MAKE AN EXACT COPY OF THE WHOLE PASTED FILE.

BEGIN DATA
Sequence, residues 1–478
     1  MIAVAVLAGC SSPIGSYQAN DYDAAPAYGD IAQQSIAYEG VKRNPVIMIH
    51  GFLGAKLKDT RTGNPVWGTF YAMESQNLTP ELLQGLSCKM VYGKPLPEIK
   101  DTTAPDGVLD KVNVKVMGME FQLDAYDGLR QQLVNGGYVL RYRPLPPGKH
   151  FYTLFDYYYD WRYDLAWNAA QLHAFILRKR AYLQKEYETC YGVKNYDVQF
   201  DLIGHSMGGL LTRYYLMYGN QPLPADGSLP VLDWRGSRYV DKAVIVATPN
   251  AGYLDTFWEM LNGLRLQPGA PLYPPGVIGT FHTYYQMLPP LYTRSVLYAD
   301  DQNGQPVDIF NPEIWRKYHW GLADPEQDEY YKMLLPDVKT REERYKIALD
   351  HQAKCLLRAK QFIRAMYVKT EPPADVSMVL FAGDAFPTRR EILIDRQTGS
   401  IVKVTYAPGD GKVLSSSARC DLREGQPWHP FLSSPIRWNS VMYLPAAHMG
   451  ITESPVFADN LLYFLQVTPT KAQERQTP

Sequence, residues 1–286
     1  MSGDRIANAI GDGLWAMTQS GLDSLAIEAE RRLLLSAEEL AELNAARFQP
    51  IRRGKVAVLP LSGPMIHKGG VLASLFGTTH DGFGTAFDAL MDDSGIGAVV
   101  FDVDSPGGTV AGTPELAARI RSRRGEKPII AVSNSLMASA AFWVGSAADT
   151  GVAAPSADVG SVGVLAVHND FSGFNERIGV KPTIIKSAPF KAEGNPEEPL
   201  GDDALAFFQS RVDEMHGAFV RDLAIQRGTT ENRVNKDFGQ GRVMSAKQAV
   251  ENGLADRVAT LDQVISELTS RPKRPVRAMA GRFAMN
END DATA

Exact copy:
Sequence, residues 1–478
     1  MIAVAVLAGC SSPIGSYQAN DYDAAPAYGD IAQQSIAYEG VKRNPVIMIH
    51  GFLGAKLKDT RTGNPVWGTF YAMESQNLTP ELLQGLSCKM VYGKPLPEIK
   101  DTTAPDGVLD KVNVKVMGME FQLDAYDGLR QQLVNGGYVL RYRPLPPGKH
   151  FYTLFDYYYD WRYDLAWNAA QLHAFILRKR AYLQKEYETC YGVKNYDVQF
   201  DLIGHSMGGL LTRYYLMYGN QPLPADGSLP VLDWRGSRYV DKAVIVATPN
   251  AGYLDTFWEM LNGLRLQPGA PLYPPGVIGT FHTYYQMLPP LYTRSVLYAD
   301  DQNGQPVDIF NPEIWRKYHW GLADPEQDEY YKMLLPDVKT REERYKIALD
   351  HQAKCLLRAK QFIRAMYVKT EPPADVSMVL FAGDAFPTRR EILIDRQTGS
   401  IVKVTYAPGD GKVLSSSARC DLREGQPWHP FLSSPIRWNS VMYLPAAHMG
   451  ITESPVFADN LLYFLQVTPT KAQERQTP

Sequence, residues 1–286
     1  MSGDRIANAI GDGLWAMTQS GLDSLAIEAE RRLLLSAEEL AELNAARFQP
    51  IRRGKVAVLP LSGPMIHKGG VLASLFGTTH DGFGTAFDAL MDDSGIGAVV
   101  FDVDSPGGTV AGTPELAARI RSRRGEKPII AVSNSLMASA AFWVGSAADT
   151  GVAAPSADVG SVGVLAVHND FSGFNERIGV KPTIIKSAPF KAEGNPEEPL
   201  GDDALAFFQS RVDEMHGAFV RDLAIQRGTT ENRVNKDFGQ GRVMSAKQAV
   251  ENGLADRVAT LDQVISELTS RPKRPVRAMA GRFAMN